steam under the nose, and bending it. Very primitive but it worked!!
mentioned the boards were cut down so you could
swim with them. What did you mean by this? How did you swim with them?
you didn't lie on the boards there must have been a lot of cross-over
with bodysurfing technique?
Yes, we cut them down to about +/- 22 to 24 inches so
that we could
swim overarm with them. Remember swimming in the surf is very different
to swimming in a pool. By swimming I mean we had to swim out to the
back line, mostly in pretty big and rough surf in order to catch the
waves. Mostly we tried to dive off the end of the pier but if the
surf was breaking at another spot other than next to the pier we had to
get to the back line which sometimes was about 200 to 250 yards
offshore, and a lot of times we had problems with the fishermen on the
pier. They hated those kids messing with their fishing!
8. How did you surf the
The boards were
too short to lie on and paddle, it really was a different type of
surfing, but probably similar to the Hawaiian's paipo boards, but more
primitive. We could swim into the swell and use the board to break the
wave and we were away and riding all the way to shore! The bigger guys
obviously had slightly bigger boards as we used to measure the length
by measuring from under the armpit to the tip of our fingers. We
actually called them "Dumper Boards."
We could not lie on the boards as they were too
short, but held the
nose of the board and steered across the wave.
9. What sort of waves were these boards best suited to?
The best waves were with an offshore or
westerly wind, but they worked
quite well with a big easterly (onshore) swell.
10. Did you use flippers?
No, we never used flippers in those days. I
don't think they were
invented yet! As kids we were on the beach just about every day, so we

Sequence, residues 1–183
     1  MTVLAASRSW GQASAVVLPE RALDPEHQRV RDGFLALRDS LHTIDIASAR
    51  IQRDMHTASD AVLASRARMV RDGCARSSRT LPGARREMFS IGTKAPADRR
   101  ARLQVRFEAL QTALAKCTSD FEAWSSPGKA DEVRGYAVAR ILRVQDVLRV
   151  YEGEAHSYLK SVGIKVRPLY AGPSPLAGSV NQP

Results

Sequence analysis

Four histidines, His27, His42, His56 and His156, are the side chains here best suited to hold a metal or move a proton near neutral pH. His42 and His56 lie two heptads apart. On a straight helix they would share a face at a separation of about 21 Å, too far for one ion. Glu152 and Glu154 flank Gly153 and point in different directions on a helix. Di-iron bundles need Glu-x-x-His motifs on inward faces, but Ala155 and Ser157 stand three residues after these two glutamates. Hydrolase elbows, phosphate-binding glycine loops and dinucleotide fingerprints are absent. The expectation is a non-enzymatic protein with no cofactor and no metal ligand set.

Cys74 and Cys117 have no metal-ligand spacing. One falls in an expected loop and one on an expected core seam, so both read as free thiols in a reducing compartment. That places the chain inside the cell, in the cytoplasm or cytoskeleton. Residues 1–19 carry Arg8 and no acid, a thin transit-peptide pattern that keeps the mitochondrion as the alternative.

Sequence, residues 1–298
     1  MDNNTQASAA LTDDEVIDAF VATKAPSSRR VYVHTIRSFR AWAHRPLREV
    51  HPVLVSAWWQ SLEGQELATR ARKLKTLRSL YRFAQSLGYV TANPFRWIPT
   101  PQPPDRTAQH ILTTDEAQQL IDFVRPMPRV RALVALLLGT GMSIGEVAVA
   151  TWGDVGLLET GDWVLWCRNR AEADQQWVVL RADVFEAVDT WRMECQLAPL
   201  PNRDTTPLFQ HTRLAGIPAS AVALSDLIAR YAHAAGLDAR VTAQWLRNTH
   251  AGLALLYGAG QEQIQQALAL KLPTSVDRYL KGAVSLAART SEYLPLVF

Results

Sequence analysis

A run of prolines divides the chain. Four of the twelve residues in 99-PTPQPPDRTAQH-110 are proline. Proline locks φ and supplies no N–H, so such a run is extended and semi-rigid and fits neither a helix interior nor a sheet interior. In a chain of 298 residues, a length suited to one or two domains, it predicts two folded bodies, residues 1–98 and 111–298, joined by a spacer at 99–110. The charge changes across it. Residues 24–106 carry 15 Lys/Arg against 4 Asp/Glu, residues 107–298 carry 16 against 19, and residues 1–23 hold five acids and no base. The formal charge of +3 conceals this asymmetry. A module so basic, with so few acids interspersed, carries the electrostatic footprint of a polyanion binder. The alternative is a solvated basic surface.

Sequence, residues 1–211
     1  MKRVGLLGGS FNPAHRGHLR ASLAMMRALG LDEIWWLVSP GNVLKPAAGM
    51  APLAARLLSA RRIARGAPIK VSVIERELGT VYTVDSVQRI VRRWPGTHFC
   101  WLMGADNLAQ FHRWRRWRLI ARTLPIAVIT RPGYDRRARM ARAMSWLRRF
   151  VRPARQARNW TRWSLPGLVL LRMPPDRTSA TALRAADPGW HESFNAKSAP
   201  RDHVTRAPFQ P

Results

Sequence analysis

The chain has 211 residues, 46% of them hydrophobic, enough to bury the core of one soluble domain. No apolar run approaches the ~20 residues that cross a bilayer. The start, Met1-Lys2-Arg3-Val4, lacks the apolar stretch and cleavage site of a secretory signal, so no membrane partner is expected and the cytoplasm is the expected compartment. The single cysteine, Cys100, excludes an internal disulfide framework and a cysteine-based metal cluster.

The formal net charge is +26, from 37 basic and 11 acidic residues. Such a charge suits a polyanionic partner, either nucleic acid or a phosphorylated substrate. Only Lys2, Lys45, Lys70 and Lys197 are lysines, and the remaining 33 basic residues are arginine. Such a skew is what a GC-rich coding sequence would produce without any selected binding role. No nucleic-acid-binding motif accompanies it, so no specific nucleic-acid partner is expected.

had to have something to do.
11. Did you keep riding the ply boards?
Next came the Surfoplanes from Australia, which
was also a lot of fun
on the bigger waves. Then came the long wooden surfboards, so as we got
older we gave up the
old type body boards and surfed longboards. There are some pretty good
fancy bodyboards and kneeboards being ridden here today.
12. Where did you surf the longboards? Are you still
surfing: (below left) Shorty Bronkhorst (far left), Leith Jardine and
Noel Dodd; (below right) Leith Jardine, Derek's younger brother.
Photos courtesy of Derek Jardine.
longboards came once we were able to carry them!! And then we
started making our own wooden hollow boards, with a bunghole to let the
about +/- 12 ft.
Then in about 1952, I think, the Australian Lifesaving Team came to
Durban to compete against our South Africa Team,and I bought one of the
boards. (I can
send you some pics if you like!! I think the board was about 16 ft
long!) In 1955, I moved to Cape Town, and brought that same board with
me. I can remember surfing Muizenberg on a good day and being the only
boardrider in the water! Not many surfers in Cape Town in the 1950s
that I saw. A few years later, I sold the board to a local guy and
imported a Hansen board from the USA. Surfed the longboards from then
on in Cape Town. Was surfing up to three years ago when I visited
California to visit my son who is a pretty good surfer. I was the
78-years-old then! Now, I just swim. So keep surfing, as old surfers
die, they just fade away until the take their last
Derek and Neil
Von Coller with home made boards, Durban, ca. 1948. The decals were
painted on by an older local surfer.
(Below right) South Beach Durban, ca. 1949. Six
boys and a girl on the crest of a wave.
Pictured above are Ronnie
Walker, Bruce Giles
Wendy Hall, Derek Jardine. Anthony Heard, Wyndon Woodford, and Pierre
"taking a slide, to provide for a pleasant holiday on South Beach